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in Berwick, Sacofalls, in Biddeford, and Pepperillborough, Prefumscut falls, in Falmouth, and Amera scoggin falls in Brunswick. The rivers abound with salmon in the spring sealun. On the sea-coaft fish of various kinds, are caught in plenty. Of these the cod-fill are the principal. Dried fish furnilhes a capital article of export.


In this country are deer, moose, beaver, otters, fables, brown squirrels white rabbits; bears, which have frequently destroyed corn-fields ; wolves, which are deftructive to sheep ; mountain-cats, porcupines or hedgehogs ; parıridges, but no quails. Wild-geese and ducks, and other water-fowls, abound on the sea coast in their seasons. No venomous serpents are found caft of Kennebek-river

Character and Religion.

I HE inhabitants are a hardy robust set of people. The males are early taught the use of she musquet ; and, from their frequent use of it in fowling, are expert marksmen. The people are in general humane and benevolent. The common people ought by law, to have the advantage of a school education, but this law has not hitherto been attended to, so much as its importance undoubtedly requires.

lo March 1788, the general court ordered that a tract of land fix miles Square, should be laid out between Kennebeck and Penobscot rivers, to the Dorthward of Waldo patent, to be appropriated for the foundation of a college.

As to religion, the prevailing denominations, are Congregationalists and Baptifts, there are also some Friends, Epifcopalians, Methodists, and Roman Catholics.

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1 He remains of the Penobscot tribe are the only Indians, who tilide in this district. They consift of about one hundred families, and live together in a civilized manner at Indian old Town on a sinall island of about 200 acres, a litle above the great falls in Penobscot river. They profess themselves to be Roman Catholics, and have a priest, who administers regularly the ordinances of religion. They have a decent church and allo another public building, in which they meet 10 transaĉt the business of the tribe, which is now said to be encrealing in numbers, in consequence of an obligation laid by the Sachems, on the young people to marry early,

In the allemblies of these people, all things are conducted with the greatel order and decorum, indeed the utmost harmony universally prevails amongst them.

In a former war the lands belonging to these people were taken from them, but at the commencement of the late war, they were restored by the Continental Congress, who allowed them a cract of land from the bead of the tide, in Penobscot river, included in lines drawo lix miles from the river on each side, that is a tract twelve miles wide, interfered in the Vol. IV,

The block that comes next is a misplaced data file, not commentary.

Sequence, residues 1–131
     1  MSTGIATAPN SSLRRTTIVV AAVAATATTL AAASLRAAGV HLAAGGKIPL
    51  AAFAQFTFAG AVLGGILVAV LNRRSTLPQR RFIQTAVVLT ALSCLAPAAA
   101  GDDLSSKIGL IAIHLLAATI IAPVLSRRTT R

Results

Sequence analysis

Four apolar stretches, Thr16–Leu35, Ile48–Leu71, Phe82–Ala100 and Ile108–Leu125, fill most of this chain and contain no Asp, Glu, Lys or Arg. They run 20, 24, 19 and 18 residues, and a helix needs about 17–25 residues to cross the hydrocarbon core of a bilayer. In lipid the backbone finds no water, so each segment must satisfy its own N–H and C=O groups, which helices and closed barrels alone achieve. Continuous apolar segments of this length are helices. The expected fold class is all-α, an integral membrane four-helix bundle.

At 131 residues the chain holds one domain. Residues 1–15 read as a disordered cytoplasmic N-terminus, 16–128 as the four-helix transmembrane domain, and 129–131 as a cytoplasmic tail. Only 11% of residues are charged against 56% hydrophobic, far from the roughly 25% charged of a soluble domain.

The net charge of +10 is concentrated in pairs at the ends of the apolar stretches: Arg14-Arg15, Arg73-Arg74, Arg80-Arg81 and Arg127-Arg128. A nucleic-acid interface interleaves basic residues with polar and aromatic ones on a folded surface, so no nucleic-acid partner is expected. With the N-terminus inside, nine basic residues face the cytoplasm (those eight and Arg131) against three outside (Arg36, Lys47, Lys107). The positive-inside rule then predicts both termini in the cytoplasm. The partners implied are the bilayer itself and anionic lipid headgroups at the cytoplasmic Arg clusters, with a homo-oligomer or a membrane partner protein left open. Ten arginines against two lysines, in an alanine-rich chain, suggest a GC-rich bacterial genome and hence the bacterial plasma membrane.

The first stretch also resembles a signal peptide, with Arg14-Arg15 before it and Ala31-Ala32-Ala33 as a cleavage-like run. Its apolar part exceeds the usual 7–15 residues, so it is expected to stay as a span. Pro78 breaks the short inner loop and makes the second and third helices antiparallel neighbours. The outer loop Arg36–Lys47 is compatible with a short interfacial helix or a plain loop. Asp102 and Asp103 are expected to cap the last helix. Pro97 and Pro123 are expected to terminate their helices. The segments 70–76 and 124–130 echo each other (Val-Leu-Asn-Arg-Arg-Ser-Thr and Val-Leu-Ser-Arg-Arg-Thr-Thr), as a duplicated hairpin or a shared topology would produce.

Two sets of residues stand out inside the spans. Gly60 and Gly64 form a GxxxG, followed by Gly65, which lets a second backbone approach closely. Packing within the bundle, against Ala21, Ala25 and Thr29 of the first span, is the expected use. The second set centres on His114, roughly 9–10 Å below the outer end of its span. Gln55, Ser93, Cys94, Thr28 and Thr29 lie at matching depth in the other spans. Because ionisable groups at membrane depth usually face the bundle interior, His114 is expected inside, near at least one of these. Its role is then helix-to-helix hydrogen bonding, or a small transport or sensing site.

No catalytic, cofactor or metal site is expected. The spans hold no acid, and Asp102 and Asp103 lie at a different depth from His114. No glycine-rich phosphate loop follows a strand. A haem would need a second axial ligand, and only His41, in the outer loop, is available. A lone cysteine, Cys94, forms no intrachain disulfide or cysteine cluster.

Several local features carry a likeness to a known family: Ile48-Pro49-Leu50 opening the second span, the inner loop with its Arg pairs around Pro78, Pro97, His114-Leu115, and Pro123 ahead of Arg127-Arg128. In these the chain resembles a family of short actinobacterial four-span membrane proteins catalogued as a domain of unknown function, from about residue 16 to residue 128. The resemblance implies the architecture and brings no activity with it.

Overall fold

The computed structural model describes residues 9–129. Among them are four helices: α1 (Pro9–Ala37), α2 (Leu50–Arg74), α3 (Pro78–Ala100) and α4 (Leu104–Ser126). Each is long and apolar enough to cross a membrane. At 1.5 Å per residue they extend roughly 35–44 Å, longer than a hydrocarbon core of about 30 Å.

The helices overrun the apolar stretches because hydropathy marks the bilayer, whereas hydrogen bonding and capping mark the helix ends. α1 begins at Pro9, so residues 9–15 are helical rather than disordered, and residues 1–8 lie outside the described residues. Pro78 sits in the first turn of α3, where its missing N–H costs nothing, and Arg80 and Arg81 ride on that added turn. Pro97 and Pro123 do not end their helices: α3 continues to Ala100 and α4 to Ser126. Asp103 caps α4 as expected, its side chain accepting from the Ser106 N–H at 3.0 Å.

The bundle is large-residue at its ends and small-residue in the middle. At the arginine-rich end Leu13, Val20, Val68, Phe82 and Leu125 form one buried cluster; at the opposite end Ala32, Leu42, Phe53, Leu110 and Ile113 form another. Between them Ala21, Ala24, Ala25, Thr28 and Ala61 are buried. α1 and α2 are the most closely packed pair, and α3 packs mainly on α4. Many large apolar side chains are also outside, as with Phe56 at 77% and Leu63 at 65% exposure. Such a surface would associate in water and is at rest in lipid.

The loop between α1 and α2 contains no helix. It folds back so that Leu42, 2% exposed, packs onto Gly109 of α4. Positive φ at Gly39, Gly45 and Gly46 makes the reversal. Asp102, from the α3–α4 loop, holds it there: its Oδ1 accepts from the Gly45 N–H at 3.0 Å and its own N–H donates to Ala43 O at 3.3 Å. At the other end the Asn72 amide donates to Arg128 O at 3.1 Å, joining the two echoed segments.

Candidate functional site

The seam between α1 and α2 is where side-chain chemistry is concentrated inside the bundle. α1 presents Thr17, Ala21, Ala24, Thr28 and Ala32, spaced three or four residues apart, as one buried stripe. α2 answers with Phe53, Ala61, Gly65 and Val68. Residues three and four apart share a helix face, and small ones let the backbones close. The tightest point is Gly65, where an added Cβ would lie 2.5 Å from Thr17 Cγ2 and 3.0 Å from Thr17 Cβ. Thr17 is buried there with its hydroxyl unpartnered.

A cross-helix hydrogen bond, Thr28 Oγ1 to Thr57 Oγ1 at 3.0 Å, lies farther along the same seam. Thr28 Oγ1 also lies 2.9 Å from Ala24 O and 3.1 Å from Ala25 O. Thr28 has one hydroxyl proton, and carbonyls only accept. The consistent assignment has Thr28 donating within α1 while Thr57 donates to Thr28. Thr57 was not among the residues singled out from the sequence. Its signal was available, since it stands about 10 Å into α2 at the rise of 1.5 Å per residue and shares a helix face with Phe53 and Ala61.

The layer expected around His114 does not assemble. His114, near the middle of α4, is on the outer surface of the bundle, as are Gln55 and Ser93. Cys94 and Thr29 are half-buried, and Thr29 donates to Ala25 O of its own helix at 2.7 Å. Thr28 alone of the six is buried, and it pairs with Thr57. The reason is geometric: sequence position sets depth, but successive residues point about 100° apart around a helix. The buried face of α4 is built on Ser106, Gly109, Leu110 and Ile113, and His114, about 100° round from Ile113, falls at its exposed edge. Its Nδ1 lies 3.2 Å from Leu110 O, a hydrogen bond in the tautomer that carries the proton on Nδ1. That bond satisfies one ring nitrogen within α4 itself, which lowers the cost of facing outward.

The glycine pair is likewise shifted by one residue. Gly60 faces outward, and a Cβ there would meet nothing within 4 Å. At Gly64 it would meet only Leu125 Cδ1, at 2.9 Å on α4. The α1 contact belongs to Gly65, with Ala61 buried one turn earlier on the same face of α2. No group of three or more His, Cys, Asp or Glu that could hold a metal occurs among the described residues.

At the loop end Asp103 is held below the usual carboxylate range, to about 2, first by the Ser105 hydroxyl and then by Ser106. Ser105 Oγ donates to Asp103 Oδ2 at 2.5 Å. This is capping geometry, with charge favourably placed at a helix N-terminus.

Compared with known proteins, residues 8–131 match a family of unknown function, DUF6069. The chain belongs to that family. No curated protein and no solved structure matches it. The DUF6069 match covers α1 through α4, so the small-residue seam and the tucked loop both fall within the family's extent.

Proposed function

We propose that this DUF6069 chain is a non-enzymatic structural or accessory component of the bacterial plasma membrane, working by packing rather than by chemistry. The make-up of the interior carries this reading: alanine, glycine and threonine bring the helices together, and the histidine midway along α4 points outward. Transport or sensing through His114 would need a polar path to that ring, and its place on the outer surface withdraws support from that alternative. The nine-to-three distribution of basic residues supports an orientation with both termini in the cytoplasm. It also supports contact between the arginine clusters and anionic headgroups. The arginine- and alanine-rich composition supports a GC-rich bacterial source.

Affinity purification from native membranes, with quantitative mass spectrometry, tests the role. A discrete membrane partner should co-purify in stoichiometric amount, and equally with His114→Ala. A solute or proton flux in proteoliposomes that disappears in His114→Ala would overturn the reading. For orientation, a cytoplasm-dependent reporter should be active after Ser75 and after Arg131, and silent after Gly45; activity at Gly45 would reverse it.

middle by the river. They, however, in addition to this, claim the right

of hunting and thing as far as the mouth of the bay of Penobfcot extends i which privilege originally belonged to them, in preference to any other

tribe, and it is not at present denied them. ,'

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1 HE first attempt to settle this country was made in 1607, on the west side of Kennebeck, near the sea, but little progrefs towards a per manent sectlement till between the years 1620, and 1630.

Sir Fernando Georges, who, in the year 1735, obtained a grant from the Plymouth company, of the trade of country lying between the riyers Pifcataqua, and Sagadahock, or Kennebeck, and up Kennebeck so far as to form a square of one hundred and twenty miles, is suppofed to have been the first, who instituted government in this country.

In 1639 Gorges obtained from the king of England, a charter of the * whole foil and jurisdiction, and in the very fame year, appointed a go vernor and council, who administered justice in the settlers, till about the year 1646, when hearing of the death of Gorges, the people formedia plan of government for themselves, and ele&ted their own officers. A ta '. In the year 1652, however, the people of Main relinquished the mode of government which they had adopred, and submitted to Mafachusetts, since which time the towns have had the liberty of sending their representatives to the general court of Boston, and ihe government has ever linge been the same as in that commonwealth. of which they had now become a 'parr.